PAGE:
Freedom to Think







From cradle to grave

it is wisdom that we crave

Learned does not make wise

You cannot see with another’s eyes

nor be taken by another’s surprise

Nor break their bonds or bind their ties

Though journey now and you may become wise:


Ekin Sadida – From ‘Of’


Ekin teaches us that Science theology and philosophy need to combine, to tear a greater hole through which we may spy the cosmic all; a rent more than the tiny pin prick any have so far made from within this domain.


And so the challenge for humanity seemingly is to expand upon the limitations biology and psychology, philosophy and physiology place upon us, move beyond a need to ‘prove’ rightness, and instead to re find faith in the predicate that cumulatively we are greater.


It is the squabbling that holds us back, as it always has.


Humankind does not have a grand narrative, and Ekin Sadida suggests this is patently true despite apostles of science, religion, philosophy and even practical living contending that theirs is that grand narrative.


Indeed if any narrative were that grand then a world of right thinking people in the face of so much suffering would have gotton aboard long since, and the terrible travails that assail all generations would be now a thing of distant memory



'IN the midway of this our mortal life, I found me in a gloomy wood, astray.

Gone from the path direct: and e'en to tell it were no easy task, how savage wild that forest, how robust and rough its growth' - Dante



How one may wonder may any thinking man or woman contend that we who are so wilfully ignorant sat idly in the well of comfort given a few among us briefly, whilst the storm rages round us, who in that sloth should come to argue the rightness of their posture, rather than stand and manfully build some defence against the coming predation. And this though every fibre, indeed every tale of those that went before, ended only with the extinguishing of the one, and then inevitably of the all


The terror of our fallibility, and of Dante’s dark woodland at the gates to Hell, will not be ameliorated by electric bright nuclear light any more than guttering candle, by suicide pact any more than earnest entreaty, by learning to embrace this moment any more than by dreaming of utopian futures past.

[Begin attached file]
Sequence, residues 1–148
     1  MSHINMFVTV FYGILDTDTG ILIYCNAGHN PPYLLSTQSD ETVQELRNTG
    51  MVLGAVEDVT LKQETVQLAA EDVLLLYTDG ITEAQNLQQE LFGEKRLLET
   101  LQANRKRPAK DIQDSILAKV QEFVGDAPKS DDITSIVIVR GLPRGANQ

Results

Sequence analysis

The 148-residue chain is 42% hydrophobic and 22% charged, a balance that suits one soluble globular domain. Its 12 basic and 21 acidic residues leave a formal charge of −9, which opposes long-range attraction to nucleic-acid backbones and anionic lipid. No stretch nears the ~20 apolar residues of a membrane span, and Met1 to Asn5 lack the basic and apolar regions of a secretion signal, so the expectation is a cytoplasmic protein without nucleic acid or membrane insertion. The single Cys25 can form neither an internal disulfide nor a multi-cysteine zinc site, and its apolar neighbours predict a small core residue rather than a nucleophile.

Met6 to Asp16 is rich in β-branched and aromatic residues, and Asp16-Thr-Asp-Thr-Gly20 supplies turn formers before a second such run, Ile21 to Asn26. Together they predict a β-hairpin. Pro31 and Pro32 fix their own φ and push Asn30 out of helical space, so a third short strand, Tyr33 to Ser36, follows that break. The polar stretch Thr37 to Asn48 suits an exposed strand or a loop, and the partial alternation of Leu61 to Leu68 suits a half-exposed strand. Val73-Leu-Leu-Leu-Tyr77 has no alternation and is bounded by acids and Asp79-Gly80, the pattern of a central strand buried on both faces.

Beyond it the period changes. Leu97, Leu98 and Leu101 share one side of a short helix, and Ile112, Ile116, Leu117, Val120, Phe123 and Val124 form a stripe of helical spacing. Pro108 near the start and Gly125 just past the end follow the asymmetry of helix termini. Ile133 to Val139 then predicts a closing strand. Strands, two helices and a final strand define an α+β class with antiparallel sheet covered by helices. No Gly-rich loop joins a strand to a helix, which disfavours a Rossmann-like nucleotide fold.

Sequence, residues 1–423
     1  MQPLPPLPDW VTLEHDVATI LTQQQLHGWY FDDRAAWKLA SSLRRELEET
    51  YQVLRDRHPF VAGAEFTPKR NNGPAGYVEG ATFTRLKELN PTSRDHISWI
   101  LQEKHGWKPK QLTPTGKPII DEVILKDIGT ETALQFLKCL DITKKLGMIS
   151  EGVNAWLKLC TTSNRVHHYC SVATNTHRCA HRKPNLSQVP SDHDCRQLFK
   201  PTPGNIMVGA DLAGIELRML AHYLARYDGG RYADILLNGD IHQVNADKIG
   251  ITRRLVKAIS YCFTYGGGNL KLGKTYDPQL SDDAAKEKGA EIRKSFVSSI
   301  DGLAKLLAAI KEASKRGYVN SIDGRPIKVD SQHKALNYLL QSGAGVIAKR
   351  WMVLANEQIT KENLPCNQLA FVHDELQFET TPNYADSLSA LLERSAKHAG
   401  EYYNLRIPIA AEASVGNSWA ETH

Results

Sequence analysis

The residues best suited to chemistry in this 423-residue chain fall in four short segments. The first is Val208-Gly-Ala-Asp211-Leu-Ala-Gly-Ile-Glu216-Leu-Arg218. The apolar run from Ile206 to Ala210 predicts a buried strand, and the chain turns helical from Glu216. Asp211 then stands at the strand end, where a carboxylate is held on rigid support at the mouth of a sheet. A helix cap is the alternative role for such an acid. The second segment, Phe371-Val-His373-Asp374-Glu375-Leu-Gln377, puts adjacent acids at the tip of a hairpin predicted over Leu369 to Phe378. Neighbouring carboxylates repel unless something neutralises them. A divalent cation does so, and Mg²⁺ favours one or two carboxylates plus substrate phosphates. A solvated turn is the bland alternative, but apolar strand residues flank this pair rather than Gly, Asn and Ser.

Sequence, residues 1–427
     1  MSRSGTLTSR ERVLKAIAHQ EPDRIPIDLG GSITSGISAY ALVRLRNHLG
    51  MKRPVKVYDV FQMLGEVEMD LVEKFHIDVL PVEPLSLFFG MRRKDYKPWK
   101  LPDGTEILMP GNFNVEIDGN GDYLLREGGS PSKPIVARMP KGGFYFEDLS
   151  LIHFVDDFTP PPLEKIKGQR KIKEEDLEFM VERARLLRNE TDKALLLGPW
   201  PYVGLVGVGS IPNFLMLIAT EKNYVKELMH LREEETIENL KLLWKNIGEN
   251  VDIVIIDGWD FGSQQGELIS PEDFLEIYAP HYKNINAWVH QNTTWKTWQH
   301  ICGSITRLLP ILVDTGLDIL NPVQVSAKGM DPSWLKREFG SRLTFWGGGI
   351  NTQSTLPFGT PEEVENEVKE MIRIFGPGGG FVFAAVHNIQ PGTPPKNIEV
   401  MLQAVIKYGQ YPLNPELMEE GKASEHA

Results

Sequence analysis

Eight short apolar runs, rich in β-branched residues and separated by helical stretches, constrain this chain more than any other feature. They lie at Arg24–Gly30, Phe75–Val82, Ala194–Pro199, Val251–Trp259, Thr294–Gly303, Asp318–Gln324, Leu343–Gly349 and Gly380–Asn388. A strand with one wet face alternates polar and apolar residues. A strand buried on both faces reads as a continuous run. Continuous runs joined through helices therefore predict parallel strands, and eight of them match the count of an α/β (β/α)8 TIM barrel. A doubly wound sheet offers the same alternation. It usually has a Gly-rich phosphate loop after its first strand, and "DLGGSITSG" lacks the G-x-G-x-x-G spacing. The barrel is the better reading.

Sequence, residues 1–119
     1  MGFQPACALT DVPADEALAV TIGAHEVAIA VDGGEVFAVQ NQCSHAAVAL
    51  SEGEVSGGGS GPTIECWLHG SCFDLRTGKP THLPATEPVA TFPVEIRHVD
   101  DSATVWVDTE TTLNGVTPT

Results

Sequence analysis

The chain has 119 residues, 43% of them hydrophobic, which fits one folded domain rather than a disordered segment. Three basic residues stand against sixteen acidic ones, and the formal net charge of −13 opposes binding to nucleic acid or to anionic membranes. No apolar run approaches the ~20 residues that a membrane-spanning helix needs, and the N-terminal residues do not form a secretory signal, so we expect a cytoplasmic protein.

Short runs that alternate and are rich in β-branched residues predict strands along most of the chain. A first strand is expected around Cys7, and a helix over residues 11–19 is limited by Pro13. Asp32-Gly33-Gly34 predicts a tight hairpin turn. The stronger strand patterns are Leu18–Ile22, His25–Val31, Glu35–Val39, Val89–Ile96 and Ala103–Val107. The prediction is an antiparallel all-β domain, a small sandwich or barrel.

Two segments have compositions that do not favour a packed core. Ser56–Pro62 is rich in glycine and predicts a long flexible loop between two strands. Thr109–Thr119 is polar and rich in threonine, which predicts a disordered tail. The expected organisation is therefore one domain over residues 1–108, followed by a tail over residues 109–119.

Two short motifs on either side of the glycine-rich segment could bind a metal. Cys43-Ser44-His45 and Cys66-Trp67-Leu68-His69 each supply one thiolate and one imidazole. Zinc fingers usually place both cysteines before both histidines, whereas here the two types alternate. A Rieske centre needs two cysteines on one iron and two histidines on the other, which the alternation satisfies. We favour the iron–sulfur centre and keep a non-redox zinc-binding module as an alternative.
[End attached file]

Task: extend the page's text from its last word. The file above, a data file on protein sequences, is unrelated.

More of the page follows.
Ekin Sadida has but one prescription for humanity, and it is seemingly the hardest curative of all.............Win-win is the only medicine to move past the pit of our own digging.


Psychologists advise that the way past a person’s fear is by voluntarily facing it, by incrementally toughening that man (or womans) hide and embracing that which tyrannises the soul


Ekin Sadida suggests that every tub thumping spokesperson for their own right path must first address their own greatest fear.


That fear?


That in the final analysis they are not right, however great the zeal that shines that rightness forth, and so allow that he or she who stands with an opposing view point has the rightness in equal measure


For in that defeat, that consideration of the unreliable, in the unrealisable, the unpalatable, and of all things the most uncomfortable, there in the heart of that thorny bush lies the jewel we spy from behind the curtain


Plato suggested that the six tyrants that lead a human to the unjust path are - anger, fear, jealousy, desire, pleasure and pain. In the same Mediterranean basin a few centuries later Dante Alighieri surmised that after descending to the greatest depths of Hell and wrestling with the Devil it was betrayal that sat at the root


In a person’s vain pursuit of their rightness perhaps lies our greatest betrayal?


Ekin Sadida reminds each apostle to their rightness that is the question to actually wrestle with in pursuit of the truly holy

Journeys of Jackman ..The wanderings, musings, learning and thoughts from one man     who woke up